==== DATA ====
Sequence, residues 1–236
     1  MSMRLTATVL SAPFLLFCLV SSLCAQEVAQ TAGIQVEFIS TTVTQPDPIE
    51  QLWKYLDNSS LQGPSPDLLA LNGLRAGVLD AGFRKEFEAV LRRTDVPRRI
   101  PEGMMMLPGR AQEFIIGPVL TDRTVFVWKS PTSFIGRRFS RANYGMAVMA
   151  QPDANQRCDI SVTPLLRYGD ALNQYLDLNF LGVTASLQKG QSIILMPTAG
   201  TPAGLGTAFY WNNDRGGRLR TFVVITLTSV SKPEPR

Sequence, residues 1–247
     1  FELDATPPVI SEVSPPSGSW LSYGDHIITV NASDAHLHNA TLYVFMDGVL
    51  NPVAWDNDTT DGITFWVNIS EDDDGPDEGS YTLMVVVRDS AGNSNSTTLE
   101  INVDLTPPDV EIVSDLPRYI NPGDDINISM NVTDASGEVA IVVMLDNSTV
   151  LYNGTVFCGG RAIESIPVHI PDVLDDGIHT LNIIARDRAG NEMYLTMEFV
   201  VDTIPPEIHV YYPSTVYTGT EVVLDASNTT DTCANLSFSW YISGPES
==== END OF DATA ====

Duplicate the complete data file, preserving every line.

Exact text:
Sequence, residues 1–236
     1  MSMRLTATVL SAPFLLFCLV SSLCAQEVAQ TAGIQVEFIS TTVTQPDPIE
    51  QLWKYLDNSS LQGPSPDLLA LNGLRAGVLD AGFRKEFEAV LRRTDVPRRI
   101  PEGMMMLPGR AQEFIIGPVL TDRTVFVWKS PTSFIGRRFS RANYGMAVMA
   151  QPDANQRCDI SVTPLLRYGD ALNQYLDLNF LGVTASLQKG QSIILMPTAG
   201  TPAGLGTAFY WNNDRGGRLR TFVVITLTSV SKPEPR

Sequence, residues 1–247
     1  FELDATPPVI SEVSPPSGSW LSYGDHIITV NASDAHLHNA TLYVFMDGVL
    51  NPVAWDNDTT DGITFWVNIS EDDDGPDEGS YTLMVVVRDS AGNSNSTTLE
   101  INVDLTPPDV EIVSDLPRYI NPGDDINISM NVTDASGEVA IVVMLDNSTV
   151  LYNGTVFCGG RAIESIPVHI PDVLDDGIHT LNIIARDRAG NEMYLTMEFV
   201  VDTIPPEIHV YYPSTVYTGT EVVLDASNTT DTCANLSFSW YISGPES